YES. Whale sharks are so romantic. Image Credit

I realize that ‘whale sharks’ is not a country. But I feel like anywhere that has whale sharks has other desirable aspects, like clear blue waters, tropical climates, and secluded beaches. Countries that could satisfy this requirement include Borneo, Belize, Mexico, and Madagascar, but I’m flexible. Ideally, we’d be able to surf there, too, because it’s only fair that the honeymoon be about both of us.


Caribbean Destination Honeymoons for Frequent Travelers
That would be kind of okay. Image Credit

I know. It’s generic, but I’ve never been there. Except for once, in college, when I went to the Bahamas with a group of friends. We stayed at a rundown spring break resort that had crazy happy hour specials and plenty of drunk students crowding the postage stamp-sized pool. One time I got on a bus and the driver was swigging from an open beer.  Taking a trip to the Bahamas or even another island like Anguilla or Antigua would be just plain nice.

I was thinking somewhere a little more swanky for a honeymoon. Not much, but a little.

Help! Where did you go on your honeymoon?

Did you go luxury or backpack?

adventure travel Destination Honeymoons for Frequent Travelers

Taking flight?

jetpack Taking flight?

That infamous bucket list keeps growing as I cross things off. When I first heard about the Rocketman experience, through an online coupon site that shall not be named, my gut reaction was – awesome. Quickly the jet pack experience was added to our bucket list and just as quickly, the deal was purchased.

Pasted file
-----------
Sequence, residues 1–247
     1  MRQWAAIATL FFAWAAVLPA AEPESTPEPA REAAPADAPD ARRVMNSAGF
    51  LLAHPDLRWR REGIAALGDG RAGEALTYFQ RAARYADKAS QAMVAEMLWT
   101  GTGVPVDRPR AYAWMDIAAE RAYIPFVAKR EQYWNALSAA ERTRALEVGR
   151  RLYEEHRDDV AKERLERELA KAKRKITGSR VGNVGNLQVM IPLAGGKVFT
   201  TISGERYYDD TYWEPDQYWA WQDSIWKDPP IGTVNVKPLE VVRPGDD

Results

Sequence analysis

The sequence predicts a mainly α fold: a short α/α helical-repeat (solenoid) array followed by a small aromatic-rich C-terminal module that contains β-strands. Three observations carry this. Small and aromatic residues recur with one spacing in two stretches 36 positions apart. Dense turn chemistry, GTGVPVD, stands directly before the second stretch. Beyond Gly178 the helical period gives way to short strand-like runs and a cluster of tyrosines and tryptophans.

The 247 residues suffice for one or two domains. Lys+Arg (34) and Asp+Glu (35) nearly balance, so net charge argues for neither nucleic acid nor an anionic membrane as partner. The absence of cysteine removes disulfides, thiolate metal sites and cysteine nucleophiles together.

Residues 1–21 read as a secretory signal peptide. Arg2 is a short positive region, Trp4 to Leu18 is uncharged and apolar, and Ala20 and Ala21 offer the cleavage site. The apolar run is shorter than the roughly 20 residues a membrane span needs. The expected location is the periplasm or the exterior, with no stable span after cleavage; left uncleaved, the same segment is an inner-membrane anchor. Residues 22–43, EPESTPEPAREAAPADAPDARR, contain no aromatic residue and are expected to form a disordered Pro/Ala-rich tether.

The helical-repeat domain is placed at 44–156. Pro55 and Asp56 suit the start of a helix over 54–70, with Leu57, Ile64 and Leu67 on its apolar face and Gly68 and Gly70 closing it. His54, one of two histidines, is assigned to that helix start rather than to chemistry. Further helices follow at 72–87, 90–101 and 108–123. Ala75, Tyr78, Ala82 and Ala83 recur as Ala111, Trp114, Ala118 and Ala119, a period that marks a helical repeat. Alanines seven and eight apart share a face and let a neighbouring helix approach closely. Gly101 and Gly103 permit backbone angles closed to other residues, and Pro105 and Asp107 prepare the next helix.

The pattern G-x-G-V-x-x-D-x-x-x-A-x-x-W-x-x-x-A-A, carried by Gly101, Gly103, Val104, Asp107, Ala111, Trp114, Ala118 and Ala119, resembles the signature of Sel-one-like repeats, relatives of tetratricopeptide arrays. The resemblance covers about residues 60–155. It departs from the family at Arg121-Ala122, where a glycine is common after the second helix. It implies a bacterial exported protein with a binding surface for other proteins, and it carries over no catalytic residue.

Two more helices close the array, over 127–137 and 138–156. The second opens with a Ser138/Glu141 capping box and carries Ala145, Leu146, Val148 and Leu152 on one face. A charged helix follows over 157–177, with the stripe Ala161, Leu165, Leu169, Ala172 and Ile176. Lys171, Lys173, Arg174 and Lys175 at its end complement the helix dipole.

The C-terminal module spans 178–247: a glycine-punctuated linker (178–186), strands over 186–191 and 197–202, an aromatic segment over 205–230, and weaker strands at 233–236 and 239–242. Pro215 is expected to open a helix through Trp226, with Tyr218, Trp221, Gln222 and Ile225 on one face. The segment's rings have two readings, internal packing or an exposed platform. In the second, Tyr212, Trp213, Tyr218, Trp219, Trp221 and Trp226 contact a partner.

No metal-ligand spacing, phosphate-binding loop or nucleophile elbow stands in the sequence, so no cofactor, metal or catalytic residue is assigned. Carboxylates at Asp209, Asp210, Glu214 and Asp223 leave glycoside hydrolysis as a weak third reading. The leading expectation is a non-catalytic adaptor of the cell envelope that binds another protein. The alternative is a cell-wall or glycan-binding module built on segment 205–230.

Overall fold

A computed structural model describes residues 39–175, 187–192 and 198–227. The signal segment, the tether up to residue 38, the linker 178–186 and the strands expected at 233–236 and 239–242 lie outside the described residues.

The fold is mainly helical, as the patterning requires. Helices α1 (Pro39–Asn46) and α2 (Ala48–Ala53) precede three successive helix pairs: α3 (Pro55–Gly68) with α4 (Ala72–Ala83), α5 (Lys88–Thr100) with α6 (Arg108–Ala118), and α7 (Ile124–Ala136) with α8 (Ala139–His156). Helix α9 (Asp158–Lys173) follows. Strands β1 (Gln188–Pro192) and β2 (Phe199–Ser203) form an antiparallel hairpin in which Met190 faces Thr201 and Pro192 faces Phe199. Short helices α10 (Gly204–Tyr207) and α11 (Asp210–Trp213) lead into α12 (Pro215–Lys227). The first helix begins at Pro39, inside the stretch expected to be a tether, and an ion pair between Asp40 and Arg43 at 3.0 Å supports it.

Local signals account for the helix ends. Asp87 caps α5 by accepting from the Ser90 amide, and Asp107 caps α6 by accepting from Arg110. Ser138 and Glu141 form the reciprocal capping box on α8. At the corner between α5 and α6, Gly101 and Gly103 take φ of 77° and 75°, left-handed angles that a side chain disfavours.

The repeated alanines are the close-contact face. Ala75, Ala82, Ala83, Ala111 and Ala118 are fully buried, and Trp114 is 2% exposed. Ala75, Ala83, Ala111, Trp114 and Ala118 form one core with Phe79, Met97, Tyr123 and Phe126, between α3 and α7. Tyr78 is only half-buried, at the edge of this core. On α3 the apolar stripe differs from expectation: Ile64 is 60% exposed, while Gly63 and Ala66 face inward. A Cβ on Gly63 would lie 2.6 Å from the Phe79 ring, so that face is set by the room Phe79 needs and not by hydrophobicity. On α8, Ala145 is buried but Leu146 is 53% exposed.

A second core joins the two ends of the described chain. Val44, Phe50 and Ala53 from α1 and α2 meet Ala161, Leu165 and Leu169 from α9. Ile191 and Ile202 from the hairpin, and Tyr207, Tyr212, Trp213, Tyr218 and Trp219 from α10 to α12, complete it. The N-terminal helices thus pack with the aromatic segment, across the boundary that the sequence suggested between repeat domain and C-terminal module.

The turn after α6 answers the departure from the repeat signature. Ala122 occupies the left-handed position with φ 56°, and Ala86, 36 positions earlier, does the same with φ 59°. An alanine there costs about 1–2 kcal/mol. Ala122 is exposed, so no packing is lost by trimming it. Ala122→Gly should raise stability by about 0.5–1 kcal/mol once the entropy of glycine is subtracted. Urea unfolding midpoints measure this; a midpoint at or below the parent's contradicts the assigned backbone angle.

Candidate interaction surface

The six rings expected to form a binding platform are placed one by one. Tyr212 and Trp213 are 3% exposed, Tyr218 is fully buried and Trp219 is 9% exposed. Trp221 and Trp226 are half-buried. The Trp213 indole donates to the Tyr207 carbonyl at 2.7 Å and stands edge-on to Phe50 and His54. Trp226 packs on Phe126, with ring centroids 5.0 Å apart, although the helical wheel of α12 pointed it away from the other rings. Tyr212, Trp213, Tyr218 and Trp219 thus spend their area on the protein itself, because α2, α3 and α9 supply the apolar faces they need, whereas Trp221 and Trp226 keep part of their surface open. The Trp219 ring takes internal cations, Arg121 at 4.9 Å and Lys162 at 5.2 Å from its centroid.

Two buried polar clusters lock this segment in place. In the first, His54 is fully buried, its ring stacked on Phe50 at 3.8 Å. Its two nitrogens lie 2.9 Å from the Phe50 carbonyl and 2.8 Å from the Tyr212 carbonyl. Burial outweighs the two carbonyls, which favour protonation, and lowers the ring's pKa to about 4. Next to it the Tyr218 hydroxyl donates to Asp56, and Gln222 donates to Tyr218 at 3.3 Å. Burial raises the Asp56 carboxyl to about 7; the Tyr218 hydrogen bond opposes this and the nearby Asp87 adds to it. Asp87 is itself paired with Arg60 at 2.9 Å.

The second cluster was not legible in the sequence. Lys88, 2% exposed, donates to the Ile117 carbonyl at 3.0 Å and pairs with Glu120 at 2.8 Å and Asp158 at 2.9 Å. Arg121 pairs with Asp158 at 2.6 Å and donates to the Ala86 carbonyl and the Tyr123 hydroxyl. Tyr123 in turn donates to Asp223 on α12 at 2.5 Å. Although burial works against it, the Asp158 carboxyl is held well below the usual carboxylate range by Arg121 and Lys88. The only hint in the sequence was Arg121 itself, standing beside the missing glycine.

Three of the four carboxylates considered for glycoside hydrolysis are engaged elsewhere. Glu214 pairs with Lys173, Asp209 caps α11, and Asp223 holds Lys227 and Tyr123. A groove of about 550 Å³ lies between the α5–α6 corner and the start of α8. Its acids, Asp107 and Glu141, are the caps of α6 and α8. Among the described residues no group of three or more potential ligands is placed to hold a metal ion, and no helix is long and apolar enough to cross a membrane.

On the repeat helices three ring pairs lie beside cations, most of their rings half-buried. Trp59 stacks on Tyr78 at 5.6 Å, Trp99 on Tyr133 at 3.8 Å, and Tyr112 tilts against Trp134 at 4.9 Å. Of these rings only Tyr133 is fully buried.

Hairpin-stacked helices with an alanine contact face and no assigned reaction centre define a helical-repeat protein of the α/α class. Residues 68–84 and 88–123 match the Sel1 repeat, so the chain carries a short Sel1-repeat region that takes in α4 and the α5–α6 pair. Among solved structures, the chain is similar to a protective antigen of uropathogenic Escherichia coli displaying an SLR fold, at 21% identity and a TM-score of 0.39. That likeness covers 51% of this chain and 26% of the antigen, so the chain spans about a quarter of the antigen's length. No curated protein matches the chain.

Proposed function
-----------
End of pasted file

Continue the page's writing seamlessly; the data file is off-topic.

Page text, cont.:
I have no doubt that I won’t look as cool or do as many tricks as they do in the video, but I’m still giddy with excitement! This Saturday we’re crossing the newest item off our bucket list, and we promise to share pictures and video with you next week.

So in honor of a bucket list cross-off, how do you add things to your bucket list? I’m thinking about starting a Pinterest board for bucket list items- share yours below if you have one!

New Years Resolution(s)?

I have never been successful with New Years resolutions. Inevitably two weeks later I’ve forgotten about the promises I’ve made to myself and am charting a course into the new year without a thought as to those resolutions. I will tell you a secret…

It doesn’t both me one bit that I don’t fulfill these promises.